Ask the Advisor: Estate Planning for Your Special Needs Child

Making sure your family is protected if something happens to you is one of the greatest gifts you can give them.

By Dennis Mollison

Dennis has more than a decade of financial experience, including five years as a financial planner with AXA Advisors, and several years trading as a commodities broker before joining the SchoolsFirst FCU team. He is a fully registered and licensed investment and retirement planning professional.

Making sure your family is protected if something happens to you is one of the greatest gifts you can give them. And if you have a special needs child, there are specific things you’ll need to consider to ensure they are provided for after you’re gone. Don’t know where to start? As a licensed financial advisor with SchoolsFirst FCU, I’ve helped many people establish financial goals, which includes creating an estate plan. This plan is a legal roadmap that provides specific instructions for how you want your money and property to be distributed, while protecting your loved ones from paying an undue amount of taxes on these assets. And you’ll want instructions in place so your special needs child gets all the help they deserve.

Our team of advisors is here to answer all of your questions, and provide a variety of estate planning and investing resources to help you plan wisely and steer clear of potential legal complications. Of course, everyone’s personal circumstances are different, and the sooner you start planning for the future the better. At the very least, you will need a will, which includes appointing a guardian or conservator for your child and their property. Creating a legal conservatorship or guardianship is a court procedure which designates you as the legal decision maker and then who succeeds you in that role if you are no longer able to.  An estate lawyer can help you navigate this process, which must be done before your child’s 18th birthday. Another useful tool to develop is a Letter of Intent to accompany your will. While it isn’t a legal document, the letter can provide specific instructions and insights to how you’d like your child to be cared for. This letter should be very personal and include details about your child’s unique traits, as well as their medical and emotional needs, to help your guardian become an able caretaker.

There are a few financial and legal solutions you may also want to consider. The first is a special needs trust. Why? If your child receives government assistance such as Medicare benefits and Supplemental Security Income (SSI), leaving them a sum of money or property could jeopardize their eligibility for such programs. With a special needs trust, a trustee is appointed to use the money in the trust to pay for things like personal care attendants, education, travel and additional health care that isn’t provided by Medicare.

There’s also a relatively new way to save money for your special needs child that can be part of your overarching financial plan. It’s called an Achieving a Better Life (ABLE) account. It works like a 529 College Savings account, but instead of being used for higher education expenses, the funds are earmarked for disability expenses. If used correctly, the savings won’t jeopardize a child’s Medicare and SSI benefits. An advisor can help you learn more about these accounts and see if one is right for you.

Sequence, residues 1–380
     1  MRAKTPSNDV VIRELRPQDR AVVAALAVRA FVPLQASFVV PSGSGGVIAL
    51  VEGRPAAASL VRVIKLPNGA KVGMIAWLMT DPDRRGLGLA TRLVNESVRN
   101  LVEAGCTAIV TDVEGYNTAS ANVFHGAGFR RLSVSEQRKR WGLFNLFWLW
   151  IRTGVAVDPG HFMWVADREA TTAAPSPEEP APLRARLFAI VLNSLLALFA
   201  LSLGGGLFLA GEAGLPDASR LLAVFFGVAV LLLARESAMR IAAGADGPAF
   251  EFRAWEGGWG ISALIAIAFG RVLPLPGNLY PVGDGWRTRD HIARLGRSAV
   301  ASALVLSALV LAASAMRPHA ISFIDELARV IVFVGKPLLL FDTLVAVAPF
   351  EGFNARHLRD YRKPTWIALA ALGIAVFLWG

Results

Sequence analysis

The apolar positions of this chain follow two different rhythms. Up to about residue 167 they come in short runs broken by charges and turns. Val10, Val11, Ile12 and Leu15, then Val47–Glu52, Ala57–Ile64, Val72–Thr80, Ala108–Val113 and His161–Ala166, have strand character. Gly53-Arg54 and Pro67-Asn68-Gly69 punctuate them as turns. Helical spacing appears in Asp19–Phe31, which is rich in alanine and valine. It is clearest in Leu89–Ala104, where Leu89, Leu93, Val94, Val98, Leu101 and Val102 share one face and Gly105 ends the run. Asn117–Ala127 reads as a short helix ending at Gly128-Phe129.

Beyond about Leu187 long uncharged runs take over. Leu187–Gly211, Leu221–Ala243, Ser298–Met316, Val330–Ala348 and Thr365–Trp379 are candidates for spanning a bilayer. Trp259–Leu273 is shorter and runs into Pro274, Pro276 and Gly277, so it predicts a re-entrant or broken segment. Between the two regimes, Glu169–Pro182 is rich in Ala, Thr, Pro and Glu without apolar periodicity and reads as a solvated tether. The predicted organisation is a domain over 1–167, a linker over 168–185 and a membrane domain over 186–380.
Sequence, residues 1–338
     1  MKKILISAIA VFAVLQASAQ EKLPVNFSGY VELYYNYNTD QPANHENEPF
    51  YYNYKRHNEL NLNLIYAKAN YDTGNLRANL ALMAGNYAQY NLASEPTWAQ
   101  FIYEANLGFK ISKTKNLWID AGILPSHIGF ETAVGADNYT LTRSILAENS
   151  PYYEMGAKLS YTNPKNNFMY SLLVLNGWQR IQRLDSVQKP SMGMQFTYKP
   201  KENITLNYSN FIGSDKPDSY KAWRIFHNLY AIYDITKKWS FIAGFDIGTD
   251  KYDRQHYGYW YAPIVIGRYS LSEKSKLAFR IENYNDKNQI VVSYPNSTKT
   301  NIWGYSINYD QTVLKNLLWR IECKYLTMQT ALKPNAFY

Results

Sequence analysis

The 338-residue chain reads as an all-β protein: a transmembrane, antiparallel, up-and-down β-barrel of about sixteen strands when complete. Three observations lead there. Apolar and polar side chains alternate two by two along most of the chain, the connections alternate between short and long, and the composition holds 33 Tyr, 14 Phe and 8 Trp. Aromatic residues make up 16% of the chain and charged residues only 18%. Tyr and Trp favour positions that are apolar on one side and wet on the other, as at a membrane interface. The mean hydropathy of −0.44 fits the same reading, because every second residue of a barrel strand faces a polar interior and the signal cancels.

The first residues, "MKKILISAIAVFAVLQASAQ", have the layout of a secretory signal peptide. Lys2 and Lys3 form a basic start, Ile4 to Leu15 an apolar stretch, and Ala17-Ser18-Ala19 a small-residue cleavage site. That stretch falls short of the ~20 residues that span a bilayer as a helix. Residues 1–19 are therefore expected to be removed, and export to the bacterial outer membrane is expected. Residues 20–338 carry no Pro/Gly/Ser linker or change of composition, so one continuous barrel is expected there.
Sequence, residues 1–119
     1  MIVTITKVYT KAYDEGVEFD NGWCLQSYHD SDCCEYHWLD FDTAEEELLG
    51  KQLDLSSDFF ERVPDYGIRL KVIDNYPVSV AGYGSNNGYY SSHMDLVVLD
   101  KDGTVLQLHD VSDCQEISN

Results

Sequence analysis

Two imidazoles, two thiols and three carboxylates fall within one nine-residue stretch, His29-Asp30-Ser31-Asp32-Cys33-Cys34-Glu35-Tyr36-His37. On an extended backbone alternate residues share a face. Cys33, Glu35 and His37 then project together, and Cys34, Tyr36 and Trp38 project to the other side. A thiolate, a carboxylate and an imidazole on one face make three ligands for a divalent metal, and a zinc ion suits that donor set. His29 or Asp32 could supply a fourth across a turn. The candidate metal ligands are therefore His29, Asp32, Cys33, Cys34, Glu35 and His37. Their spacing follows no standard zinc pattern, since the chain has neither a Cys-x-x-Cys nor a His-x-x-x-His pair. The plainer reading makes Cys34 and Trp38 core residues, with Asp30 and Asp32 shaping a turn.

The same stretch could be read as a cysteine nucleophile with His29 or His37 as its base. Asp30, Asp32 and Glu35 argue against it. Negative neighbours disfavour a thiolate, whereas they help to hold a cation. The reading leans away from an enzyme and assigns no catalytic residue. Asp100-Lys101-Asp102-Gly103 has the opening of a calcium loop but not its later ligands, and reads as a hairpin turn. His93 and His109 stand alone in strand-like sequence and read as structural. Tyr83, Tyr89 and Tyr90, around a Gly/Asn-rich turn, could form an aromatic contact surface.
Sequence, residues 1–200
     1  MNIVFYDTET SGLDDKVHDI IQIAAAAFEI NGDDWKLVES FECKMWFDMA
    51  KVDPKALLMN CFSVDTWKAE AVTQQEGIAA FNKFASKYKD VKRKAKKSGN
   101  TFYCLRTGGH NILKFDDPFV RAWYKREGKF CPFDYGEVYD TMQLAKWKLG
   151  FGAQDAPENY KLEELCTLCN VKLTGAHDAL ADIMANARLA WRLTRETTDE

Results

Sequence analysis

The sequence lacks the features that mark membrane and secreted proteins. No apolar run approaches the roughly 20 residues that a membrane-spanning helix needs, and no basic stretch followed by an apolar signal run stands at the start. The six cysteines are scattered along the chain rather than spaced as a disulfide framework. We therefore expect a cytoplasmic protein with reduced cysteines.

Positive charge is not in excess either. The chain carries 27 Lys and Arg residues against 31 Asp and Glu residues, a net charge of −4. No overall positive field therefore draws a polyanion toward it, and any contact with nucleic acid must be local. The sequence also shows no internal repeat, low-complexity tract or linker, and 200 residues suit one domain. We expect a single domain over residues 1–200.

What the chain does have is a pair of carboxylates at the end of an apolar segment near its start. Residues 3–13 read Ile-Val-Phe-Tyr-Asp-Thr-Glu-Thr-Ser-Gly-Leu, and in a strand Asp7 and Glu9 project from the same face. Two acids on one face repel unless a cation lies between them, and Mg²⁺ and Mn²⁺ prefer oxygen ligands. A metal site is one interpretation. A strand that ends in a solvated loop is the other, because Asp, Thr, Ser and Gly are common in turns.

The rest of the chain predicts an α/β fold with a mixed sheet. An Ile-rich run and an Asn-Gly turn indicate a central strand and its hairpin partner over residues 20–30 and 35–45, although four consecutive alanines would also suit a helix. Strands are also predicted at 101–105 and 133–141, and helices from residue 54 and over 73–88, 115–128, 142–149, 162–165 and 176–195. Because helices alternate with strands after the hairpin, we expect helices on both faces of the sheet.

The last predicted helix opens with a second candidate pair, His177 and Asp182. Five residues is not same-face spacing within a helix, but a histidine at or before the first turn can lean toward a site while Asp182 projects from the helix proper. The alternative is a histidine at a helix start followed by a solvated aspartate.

While you can create a simple will without a lawyer, you’ll definitely need a lawyer for a special needs trust. If you don’t know one who focuses specifically on special needs estate planning, you can get a recommendation from the Special Needs Alliance, a nonprofit organization designed to help people with disabilities and their families. The Special Needs Alliance also provides advice about how to apply for public benefits, creating special needs trusts, special needs educational resources, guardianship and powers of attorney. Another valuable resource is Members Trust Company, which is owned and managed by not-for-profit credit unions. The company offers a variety of educational resources, financial advice and other services to help you invest and plan wisely for your future.

 

This blog is not intended to provide legal or tax advice. For legal or tax advice, please consult your attorney or tax professional.

Trust Services offered through Members Trust Company, a federal thrift regulated by the Office of the Comptroller of the Currency. Trust products are not credit union deposits, are not insured by the NCUA or any federal government agency, are not obligations of or guaranteed by the credit union, Members Trust Company or any affiliated entity, and involve investment risks, including the possible loss of principal.

Securities sold, advisory services offered through CUNA Brokerage Services, Inc. (CBSI), member FINRA/SIPC, a registered broker/dealer and investment advisor.  CBSI is under contract with SchoolsFirst Federal CU to make securities available to members.  Not NCUA/NCUSIF/FDIC insured, May Lose Value, No Financial Institution Guarantee.  Not a deposit of any financial institution.  CBSI is a registered broker/dealer in all fifty states of the United States of America.

 

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Extra Credit provides general information to help improve our Member’s financial lives. Every situation is different, so please contact us for guidance on your specific needs. The advice provided in Extra Credit is not intended to serve as a substitute for speaking to a loan representative, financial advisor, or BALANCE counselor who can help tailor a solution for you.

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